Can media effect reality in a negative matter?

You know, kinda like how Jaws cause people to more scared of sharks, and how fight club cause a rise in underground fight clubs exist. Why did these things happen if media can’t effect reality? I think I already know, but I want a opinion from you guys.

I think it can, but that’s not really the fiction’s fault, so much as the mindsets of those who allow fantasy to control them as such.

For the Jaws example, while it did lead to people becoming more violent towards sharks, the creator admitted they wished they never wrote the thing. They didn’t want their audience to start attacking sharks, the audience interpreted it that way.

Same with the Slenderman Mythos… The people who made those were just creating the stories for entertainment, then those two girls thought it was real and tried to kill their classmate as a tribute to a fictional character. The person who came up with the very first iteration of Slenderman outright said he didn’t want anyone trying such things and was disgusted that something he made years ago could lead to something like that.

In truth, the people who allow fiction to control them this much probably had issues with understanding reality from fiction. In a stable, sane adult, this wouldn’t be an issue. But in children (Slenderman stabbing) and fearful adults (Jaws), they can’t… They’re the issue, not the media they’re watching. Certain video games and violent movies were linked to murders, but the creators weren’t trying to get people to reenact the events of their stories, so much as mentally unstable people got ahold of it and tried to act it out.

So yes, it can… But the people it usually does this to tend to have issues (or are too young to understand the difference between reality and fiction).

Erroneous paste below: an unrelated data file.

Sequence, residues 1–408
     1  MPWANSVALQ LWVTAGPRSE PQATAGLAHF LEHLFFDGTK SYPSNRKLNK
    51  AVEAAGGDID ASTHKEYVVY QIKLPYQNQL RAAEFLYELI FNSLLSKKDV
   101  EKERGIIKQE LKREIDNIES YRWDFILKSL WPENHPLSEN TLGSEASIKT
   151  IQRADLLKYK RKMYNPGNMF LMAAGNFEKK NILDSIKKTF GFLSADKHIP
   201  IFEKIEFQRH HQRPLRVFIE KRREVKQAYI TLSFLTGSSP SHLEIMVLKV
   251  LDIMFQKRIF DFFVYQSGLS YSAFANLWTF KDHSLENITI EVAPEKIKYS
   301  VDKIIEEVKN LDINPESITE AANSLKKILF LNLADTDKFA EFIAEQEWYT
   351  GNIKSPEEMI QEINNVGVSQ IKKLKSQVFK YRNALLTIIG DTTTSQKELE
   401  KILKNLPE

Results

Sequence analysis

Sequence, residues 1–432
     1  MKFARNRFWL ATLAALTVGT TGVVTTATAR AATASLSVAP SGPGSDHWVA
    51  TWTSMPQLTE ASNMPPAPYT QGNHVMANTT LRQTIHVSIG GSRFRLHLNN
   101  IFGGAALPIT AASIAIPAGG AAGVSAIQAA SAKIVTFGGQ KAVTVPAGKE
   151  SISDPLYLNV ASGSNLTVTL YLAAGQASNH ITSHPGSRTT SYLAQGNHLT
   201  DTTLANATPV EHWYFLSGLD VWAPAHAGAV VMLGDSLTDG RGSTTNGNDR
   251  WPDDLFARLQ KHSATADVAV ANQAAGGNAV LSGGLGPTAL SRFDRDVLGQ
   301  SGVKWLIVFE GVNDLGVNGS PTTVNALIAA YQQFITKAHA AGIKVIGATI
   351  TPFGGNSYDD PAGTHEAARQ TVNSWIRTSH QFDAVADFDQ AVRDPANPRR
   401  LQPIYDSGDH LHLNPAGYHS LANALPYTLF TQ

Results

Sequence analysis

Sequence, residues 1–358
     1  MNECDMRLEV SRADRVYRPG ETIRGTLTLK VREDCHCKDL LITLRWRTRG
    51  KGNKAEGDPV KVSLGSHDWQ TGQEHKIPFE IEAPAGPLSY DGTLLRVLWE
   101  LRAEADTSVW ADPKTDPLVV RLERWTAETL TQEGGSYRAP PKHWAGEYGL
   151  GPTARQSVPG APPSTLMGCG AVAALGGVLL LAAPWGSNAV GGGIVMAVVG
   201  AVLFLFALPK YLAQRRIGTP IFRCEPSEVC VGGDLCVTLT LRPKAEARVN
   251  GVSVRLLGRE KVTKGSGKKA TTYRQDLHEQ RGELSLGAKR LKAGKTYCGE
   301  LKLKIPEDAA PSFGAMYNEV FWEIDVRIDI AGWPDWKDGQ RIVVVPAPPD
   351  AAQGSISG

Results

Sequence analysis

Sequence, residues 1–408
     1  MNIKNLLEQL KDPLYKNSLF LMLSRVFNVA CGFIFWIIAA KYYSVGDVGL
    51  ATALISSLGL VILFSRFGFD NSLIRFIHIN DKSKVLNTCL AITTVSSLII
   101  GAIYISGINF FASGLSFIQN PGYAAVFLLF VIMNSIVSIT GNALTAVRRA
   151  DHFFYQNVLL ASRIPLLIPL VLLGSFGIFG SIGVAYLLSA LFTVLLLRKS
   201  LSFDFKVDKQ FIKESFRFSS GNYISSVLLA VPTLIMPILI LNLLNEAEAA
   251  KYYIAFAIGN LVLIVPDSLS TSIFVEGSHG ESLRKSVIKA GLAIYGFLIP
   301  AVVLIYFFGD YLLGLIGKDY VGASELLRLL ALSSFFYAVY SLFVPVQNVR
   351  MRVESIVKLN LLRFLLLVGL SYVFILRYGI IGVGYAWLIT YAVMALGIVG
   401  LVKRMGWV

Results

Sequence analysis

If the media says “Sharks are killers” or “Punch each other is OK and fun” even in fiction, that has an effect in real life. But since I suspect that you are trying to compare this with things like lolicon, let me tell you the fundamental difference between those things: Lolicon doesn’t tell people that sex with children is Ok. A better comparison would be with violence in games, like GTA or so. In GTA you can kill and rob people, you can make chaos in the street and etc. But science proves that games like that don’t increase the chance of people do that in real life. And is for the same reason that lolicon doesn’t increase the chance of abuse in real life. Because those media doesn’t say to the consumer that those things are “Ok” to do in real life. On the contrary, the “message” in those things are: “Play with me, and not to your life”.

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Well… in those specific examples, it didn’t.

People have always been wary of large, carnivorous fish that can eat you and illegal/unregulated underground bare knuckle fight scenes have always been around.

People attribute sudden rises in awareness of these things to these movies because that’s merely a concept being brought into the spotlight that is the mainstream.
It’s perfectly reasonable to be afraid of sharks with or without watching Jaws and I have no recollection of any underground fight clubs that started as a result of people watching Fight Club and going “hey! that looks fun! let’s do that!”.

This isn’t to say that people aren’t influenced or driven by what they see/hear/read in movies or media. But there exists a degree of separation between extremes, capitalized and understood by the level of risk, consequence, etc.
There’s zero conclusive evidence that negative actions, attitudes, or ideas presented, even in a positive light, cause or drive people to imitate or commit those real-world equivalents, such as child abuse, rape, murder, etc.

The causal link between these types of things is often heavily contested and debated between scholars, but the bottom line is that there lacks an empirical consensus in this regard for a reason.

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